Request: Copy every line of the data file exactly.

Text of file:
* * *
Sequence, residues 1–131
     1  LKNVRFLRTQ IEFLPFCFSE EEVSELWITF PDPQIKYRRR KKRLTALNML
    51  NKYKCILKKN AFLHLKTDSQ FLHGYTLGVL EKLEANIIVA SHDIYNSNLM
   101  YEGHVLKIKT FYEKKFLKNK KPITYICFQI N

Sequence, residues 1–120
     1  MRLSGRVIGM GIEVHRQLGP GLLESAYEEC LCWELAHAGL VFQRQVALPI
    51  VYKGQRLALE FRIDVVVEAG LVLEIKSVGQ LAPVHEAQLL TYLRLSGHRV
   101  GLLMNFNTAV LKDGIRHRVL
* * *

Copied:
Sequence, residues 1–131
     1  LKNVRFLRTQ IEFLPFCFSE EEVSELWITF PDPQIKYRRR KKRLTALNML
    51  NKYKCILKKN AFLHLKTDSQ FLHGYTLGVL EKLEANIIVA SHDIYNSNLM
   101  YEGHVLKIKT FYEKKFLKNK KPITYICFQI N

Sequence, residues 1–120
     1  MRLSGRVIGM GIEVHRQLGP GLLESAYEEC LCWELAHAGL VFQRQVALPI
    51  VYKGQRLALE FRIDVVVEAG LVLEIKSVGQ LAPVHEAQLL TYLRLSGHRV
   101  GLLMNFNTAV LKDGIRHRVL